All too often we see people being rejected on their viral proposal videos, in front of family first and then again in front of the entire world. But what I’m coming to realize is that people seem to put more thought into a beautiful, intricate proposal than they do the marriage and what marriage means. You see, good marriages are rooted in communication, and the fact that people are proposing without knowing the response they’re going to get, speaks volumes about the lack of communication. Or, at the very least it points to the fact that they don’t know their partner well enough to commit to marriage.
A marriage proposal itself should not be a surprise. A couple should be very clear on where they are in a relationship, their goals for the future, and ideally when they would like to take that next step and if they want to take that next step. Going into a proposal, you should know your partner’s answer based on the relationship you have together. The grand gesture? Well, that’s the surprise and the only surprise. Throughout the dating phase, you should get to know one another in a way that allows having discussions around desires, boundaries, values, and core beliefs.
These topics are also a point of discussion in the article, "5 Relationship Standards You Shouldn’t Compromise On," a piece that I think is very much applicable here because many people are afraid to have these necessary conversations early on. In my opinion, these conversations grow more challenging to have the longer they are postponed. You become enamored or smitten with a person and instead of focusing on learning how compatible you are with someone long-term, the fear shifts to, “What if they don’t respond in the manner that I would like?”
Talk about the important things before trying to get engaged.
First, you want to find out if each of you is even interested in marriage – and to what degree. If each of you falls on the extreme point of the spectrum, that may not work and there may not be room for compromise on this topic. This is indeed a question that should come up in the year of being in a committed relationship with a person. You also may want to ask questions surrounding timelines of what feels too soon and what feels like a realistic time to start talking about marriage or getting engaged. Lengthy engagement period or short? Living together prior to marriage? Are there boundaries on your willingness to do certain things for your partner prior to marriage?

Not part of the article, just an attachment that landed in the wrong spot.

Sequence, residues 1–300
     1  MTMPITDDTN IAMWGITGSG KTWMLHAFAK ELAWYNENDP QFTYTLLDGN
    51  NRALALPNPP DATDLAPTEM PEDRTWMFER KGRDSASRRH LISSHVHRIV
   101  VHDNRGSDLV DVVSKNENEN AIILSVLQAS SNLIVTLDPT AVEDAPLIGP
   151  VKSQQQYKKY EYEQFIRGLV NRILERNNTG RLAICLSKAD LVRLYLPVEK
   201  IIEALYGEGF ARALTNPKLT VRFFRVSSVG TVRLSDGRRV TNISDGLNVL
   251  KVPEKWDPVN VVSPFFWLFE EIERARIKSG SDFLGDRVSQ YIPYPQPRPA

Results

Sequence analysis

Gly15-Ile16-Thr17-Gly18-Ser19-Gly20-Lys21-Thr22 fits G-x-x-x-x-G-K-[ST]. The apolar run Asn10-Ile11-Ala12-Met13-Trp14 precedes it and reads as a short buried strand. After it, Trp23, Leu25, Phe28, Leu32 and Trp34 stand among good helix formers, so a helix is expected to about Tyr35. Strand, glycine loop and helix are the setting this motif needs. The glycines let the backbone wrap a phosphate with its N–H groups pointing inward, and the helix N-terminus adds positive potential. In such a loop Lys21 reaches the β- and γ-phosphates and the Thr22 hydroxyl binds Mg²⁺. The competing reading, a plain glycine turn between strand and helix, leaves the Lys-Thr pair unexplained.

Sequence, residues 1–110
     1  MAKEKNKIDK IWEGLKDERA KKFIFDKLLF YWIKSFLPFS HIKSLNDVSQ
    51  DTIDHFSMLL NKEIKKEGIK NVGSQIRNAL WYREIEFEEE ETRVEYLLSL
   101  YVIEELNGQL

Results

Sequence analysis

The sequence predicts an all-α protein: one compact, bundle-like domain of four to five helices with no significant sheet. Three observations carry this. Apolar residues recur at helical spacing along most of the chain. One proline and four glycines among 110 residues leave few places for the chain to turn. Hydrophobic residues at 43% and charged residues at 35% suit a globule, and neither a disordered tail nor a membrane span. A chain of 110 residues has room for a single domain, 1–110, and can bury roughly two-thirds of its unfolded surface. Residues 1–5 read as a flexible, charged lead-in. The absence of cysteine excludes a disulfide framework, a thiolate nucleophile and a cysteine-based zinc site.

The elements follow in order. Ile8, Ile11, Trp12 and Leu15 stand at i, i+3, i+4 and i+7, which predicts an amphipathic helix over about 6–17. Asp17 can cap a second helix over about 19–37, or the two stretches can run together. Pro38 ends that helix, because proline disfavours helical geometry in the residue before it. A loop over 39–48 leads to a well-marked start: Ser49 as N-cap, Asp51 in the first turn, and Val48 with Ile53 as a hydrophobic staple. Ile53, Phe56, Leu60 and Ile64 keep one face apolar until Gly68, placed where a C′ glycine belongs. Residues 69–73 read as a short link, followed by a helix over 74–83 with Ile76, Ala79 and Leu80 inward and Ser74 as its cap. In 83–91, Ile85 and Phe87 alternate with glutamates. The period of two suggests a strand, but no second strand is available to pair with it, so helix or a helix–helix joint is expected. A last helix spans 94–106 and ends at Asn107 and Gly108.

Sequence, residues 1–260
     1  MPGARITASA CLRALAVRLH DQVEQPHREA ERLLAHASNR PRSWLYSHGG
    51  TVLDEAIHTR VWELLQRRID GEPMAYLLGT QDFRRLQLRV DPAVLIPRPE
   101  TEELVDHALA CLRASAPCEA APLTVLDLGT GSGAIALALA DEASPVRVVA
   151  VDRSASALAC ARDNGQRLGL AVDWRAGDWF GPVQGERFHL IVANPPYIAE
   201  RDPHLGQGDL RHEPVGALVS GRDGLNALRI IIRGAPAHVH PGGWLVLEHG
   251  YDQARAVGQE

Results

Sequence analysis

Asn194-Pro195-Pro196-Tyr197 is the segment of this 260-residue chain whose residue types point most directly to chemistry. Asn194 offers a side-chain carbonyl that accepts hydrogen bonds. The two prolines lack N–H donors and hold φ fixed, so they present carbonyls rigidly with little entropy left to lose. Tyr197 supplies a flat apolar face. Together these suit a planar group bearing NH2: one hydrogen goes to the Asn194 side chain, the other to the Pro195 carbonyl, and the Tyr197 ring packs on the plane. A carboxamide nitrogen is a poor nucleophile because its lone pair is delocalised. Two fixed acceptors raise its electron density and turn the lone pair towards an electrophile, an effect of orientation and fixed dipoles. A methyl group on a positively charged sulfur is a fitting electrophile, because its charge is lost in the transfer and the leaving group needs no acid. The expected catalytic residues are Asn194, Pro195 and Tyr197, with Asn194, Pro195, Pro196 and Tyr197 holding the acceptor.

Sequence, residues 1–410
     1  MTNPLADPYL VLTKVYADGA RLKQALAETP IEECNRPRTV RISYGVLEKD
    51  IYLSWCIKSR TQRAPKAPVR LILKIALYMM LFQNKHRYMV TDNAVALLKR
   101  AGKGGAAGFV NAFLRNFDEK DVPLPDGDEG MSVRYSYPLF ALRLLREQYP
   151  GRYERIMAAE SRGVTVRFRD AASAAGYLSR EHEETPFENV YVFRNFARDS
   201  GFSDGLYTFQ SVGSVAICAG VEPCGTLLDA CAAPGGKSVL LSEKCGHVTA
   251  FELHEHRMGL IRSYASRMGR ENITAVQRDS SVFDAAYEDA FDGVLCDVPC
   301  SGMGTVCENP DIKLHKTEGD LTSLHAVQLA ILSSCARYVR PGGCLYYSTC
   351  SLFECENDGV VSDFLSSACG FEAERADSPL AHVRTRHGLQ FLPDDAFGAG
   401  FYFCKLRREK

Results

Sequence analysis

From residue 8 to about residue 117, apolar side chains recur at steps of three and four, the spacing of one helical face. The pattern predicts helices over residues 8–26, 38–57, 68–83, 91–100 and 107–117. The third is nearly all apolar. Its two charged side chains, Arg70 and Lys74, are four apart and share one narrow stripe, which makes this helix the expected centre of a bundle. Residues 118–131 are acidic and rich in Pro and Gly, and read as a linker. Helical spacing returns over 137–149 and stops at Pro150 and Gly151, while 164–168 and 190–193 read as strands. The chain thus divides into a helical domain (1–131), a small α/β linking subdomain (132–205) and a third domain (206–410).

If marriage is important to you, and it's been a couple of years, you might want to ask directly if your person sees themselves marrying you and perhaps rehash the specifics covered earlier in the relationship at that moment. Circle back to questions regarding the timeline and such because now those answers can be more concise and less hypothetical as they now know you more and furthermore know if they would like to say "I do" to you. If your visions for the future aren't aligned, consider if the relationship is worth further investing in, if there is a trajectory that works better for you as a couple mutually, or if you'd just like to move on from the relationship altogether.
Either way, this conversation in particular should be a huge indicator of if and maybe even when a marriage proposal should follow. If you're not on the same page, why even pop the question?
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Full disclosure, I am not a dating coach so this is a gentle suggestion for when these discussions should be had. However, I did specialize in a sex therapy track that allows me to stand on a soapbox and tell you relationships that don’t have these types of conversations are often relationships that will fail. Just the same as a house without a strong base ain’t lasting!
So it’s with love that I say please don’t make a fool of yourself with a romantic gesture of a proposal when you haven’t gotten a direct answer from your person about marriage and a future together. Take a beat and ask yourself if you’re standing on solid ground to even ask for their hand in marriage. Be sure you’ve asked all the tough questions, both through internal dialogue and aloud with your partner.
A communicative marriage is a lasting marriage.
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Featured image by Dean Mitchell/Getty Images